Nottingham has a lot more to shout about than University Park Campus and the streets of Lenton, lined with student housing. So try something different this semester and explore what the city has to offer beyond the legend of Robin Hood.
Why not visit the Lace Market, the alleged Soho of Nottingham? We don’t just mean for an alcohol-fuelled night at Market Bar, dancing to hip-hop classics. Once the heart of the world's lace industry during the days of the British Empire, it is now a protected heritage district full of impressive examples of 19th century industrial architecture. Take a stroll through the quaint cobbled streets. Oozing with charm, they offer an array of boutiques and high street shops to explore, as well as trendy cafes, tearooms and alehouses to sample.
Nottingham boasts a fascinating network of caves, with around 400 situated bellow the city’s streets. Make sure to check out the history beneath your feet the next time you are hunting for student friendly bargains in the Broadmarsh Shopping Centre. A guided tour, located on the first floor, will take you underground to explore some of Nottingham’s hidden gems: a set of man-made caves dating back to 1250 lie underneath the premises. Although rather gimmicky, this tourist attraction is inexpensive, fun and informative, allowing you to discover how the caves were formed and what they have been used for over the years. And, the best part? You get to wear a hard hat!
With graduation looming around the corner, what is going to happen once your Nottingham bubble ‘pops’? It is time to start thinking ahead for those of you who are still living in the moment.
Many Nottingham students entered university straight after leaving school. If you have reached your final year without having experienced an unforgettable ‘gap yah’ volunteering in Africa, or a year abroad studying in South America, perhaps taking some time out to travel after graduation would be an appealing option. With plenty of organised programmes, it has become increasingly popular for recent graduates to explore the globe and immerse themselves in another culture (improving their CVs along the way) before the job-hunting process begins. Once you get a foot on the career ladder your holiday entitlement could become pretty limited, so this is a good chance to get the travel bug out of your system!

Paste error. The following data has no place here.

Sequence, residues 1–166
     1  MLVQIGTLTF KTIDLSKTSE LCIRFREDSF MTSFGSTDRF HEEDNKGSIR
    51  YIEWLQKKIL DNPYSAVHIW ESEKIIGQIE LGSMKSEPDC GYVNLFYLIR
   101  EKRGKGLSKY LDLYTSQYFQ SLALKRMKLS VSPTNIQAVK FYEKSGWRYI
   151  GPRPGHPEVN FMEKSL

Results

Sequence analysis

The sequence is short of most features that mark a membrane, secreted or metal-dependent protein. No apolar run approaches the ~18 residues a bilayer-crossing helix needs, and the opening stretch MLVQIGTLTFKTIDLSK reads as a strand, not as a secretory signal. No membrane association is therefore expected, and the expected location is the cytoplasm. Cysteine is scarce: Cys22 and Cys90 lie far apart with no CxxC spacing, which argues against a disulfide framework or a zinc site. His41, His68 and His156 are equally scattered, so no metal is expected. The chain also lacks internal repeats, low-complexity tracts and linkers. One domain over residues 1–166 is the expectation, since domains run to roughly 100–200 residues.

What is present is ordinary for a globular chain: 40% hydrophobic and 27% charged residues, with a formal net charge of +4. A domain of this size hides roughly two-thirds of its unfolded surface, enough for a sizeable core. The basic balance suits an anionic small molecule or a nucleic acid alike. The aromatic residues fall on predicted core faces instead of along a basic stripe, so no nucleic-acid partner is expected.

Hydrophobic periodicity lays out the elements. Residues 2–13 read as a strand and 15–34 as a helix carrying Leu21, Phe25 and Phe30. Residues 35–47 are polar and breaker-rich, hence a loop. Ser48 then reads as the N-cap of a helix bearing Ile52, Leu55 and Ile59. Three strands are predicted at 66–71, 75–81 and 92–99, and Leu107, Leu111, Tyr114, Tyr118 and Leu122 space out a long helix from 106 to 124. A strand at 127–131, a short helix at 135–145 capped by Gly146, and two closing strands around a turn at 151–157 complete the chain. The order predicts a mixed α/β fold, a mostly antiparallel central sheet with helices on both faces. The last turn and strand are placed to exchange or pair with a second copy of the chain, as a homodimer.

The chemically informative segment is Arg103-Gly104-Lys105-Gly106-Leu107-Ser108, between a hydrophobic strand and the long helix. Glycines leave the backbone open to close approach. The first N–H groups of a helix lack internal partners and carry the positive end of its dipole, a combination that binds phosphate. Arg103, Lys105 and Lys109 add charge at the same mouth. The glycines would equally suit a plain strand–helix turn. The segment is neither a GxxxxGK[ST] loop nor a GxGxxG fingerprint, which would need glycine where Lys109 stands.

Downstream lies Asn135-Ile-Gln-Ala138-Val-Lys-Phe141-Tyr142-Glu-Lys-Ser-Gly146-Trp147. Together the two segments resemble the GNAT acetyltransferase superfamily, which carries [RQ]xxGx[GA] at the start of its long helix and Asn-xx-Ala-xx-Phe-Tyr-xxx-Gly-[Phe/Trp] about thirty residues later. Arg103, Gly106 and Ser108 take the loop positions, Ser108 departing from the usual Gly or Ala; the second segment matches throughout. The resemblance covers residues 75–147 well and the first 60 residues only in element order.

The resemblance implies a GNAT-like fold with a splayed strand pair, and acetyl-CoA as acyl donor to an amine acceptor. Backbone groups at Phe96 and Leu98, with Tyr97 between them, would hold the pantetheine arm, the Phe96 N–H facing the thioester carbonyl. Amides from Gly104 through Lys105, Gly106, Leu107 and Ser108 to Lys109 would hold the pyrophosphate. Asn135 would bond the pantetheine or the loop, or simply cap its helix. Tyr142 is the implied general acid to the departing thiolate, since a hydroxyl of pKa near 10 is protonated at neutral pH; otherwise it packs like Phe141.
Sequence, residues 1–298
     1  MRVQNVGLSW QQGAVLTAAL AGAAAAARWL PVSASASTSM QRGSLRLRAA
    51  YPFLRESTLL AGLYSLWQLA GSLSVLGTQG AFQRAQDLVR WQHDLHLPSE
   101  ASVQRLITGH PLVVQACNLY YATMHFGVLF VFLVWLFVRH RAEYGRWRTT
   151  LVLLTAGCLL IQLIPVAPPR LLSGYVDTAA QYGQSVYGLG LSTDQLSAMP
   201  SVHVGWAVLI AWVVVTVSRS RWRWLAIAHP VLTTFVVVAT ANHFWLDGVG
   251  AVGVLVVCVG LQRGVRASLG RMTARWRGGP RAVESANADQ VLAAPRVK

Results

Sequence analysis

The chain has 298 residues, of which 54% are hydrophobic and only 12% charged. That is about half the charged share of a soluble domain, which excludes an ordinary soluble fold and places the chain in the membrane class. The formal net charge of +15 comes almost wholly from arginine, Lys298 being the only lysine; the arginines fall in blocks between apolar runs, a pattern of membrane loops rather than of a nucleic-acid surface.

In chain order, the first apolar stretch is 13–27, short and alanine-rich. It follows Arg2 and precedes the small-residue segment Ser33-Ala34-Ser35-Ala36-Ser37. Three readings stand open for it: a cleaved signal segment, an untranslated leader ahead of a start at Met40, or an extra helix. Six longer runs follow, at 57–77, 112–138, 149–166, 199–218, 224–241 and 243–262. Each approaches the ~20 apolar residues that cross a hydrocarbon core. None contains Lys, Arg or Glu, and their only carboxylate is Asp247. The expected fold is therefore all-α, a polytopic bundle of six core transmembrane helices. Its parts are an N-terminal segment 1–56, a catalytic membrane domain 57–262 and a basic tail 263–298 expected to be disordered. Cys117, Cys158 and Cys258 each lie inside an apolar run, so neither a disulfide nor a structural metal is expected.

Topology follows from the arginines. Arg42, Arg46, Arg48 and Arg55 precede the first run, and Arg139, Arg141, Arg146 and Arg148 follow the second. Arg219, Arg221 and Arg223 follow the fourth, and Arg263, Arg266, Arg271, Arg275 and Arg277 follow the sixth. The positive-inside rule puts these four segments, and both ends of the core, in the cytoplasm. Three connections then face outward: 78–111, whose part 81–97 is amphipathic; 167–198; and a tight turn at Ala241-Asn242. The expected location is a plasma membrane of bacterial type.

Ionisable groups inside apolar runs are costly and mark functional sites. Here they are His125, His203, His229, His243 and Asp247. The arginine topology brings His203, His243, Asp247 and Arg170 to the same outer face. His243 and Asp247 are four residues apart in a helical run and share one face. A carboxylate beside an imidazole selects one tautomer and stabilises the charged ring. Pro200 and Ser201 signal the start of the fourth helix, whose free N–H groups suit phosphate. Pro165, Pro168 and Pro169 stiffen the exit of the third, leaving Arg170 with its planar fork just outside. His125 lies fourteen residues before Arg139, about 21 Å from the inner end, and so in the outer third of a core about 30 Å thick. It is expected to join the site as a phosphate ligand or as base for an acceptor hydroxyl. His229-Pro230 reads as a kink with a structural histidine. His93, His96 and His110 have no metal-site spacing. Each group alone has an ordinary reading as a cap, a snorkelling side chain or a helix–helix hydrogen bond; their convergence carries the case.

Leaving university for Christmas is always a challenging time. On the one hand its exciting to head home for a bit, catch up with old school friends who you haven’t seen for a while, chill in front of the TV and be treated to some home cooked food (no more mystery meat from the dining halls on campus or a hearty meal of baked beans on toast for those in Lenton…). On the other hand, you have to readapt to living under your parents’ roof.
You have created a life for yourself at University but once you get back to the real world it is important to throw yourself back in and take advantage of all the opportunities you still have at home. Don’t forget to spend time with school friends, even though everybody’s lives have changed and different paths have been taken. Some friends may be scattered at universities across the country, and others may already be working. Whatever the case, you grew up with many of these people so even though they haven’t been in your day-to-day life for a while, a long catch up is way overdue. Plus it is exciting to hear about what’s new, if they have a lover in their life, and of course reminisce back to the days before you even knew that Crisis and Ocean existed.
Make sure to keep up with your work before the holidays. Don’t make the mistake of thinking you can leave it all until you are home because you won't realise how busy you may be. Even relaxation time in front of the TV is necessary for you to recharge this Christmas after a busy semester, so try and get a head start on your exam revision and coursework now. Do remember to hand in your overdue library books before you leave or grab some books from Hallward because you may not have access to the material where you live.
On Saturday 6th October a teenager had to have her stomach removed in an emergency operation after being served a cocktail containing liquid nitrogen. Gaby Scanlan, 18, was on a night out with friends in Lancaster to celebrate her birthday when she consumed the deadly frozen vapour. This story, although extreme, is an unfortunate example of the extent to which people assume that alcoholic beverages served in licensed premises are safe.
However, we mis-judge the safety of the places we go; an example being Gaby Scanlan’s case. Students need to be alerted to the dangers of beverages that have been made to look exciting or “fancy” by dangerous gimmicks, such as mixing too many types of liquors together or the adding of strange substances. Miss Scanlan’s Jagermeister drink had been made with liquid nitrogen to produce a steaming “cauldron effect”, and yet the inviting drink resulted in dire consequences. Drinks are not always regulated as they should be, and bartenders hand out so many in a given night that occasionally horror stories do occur.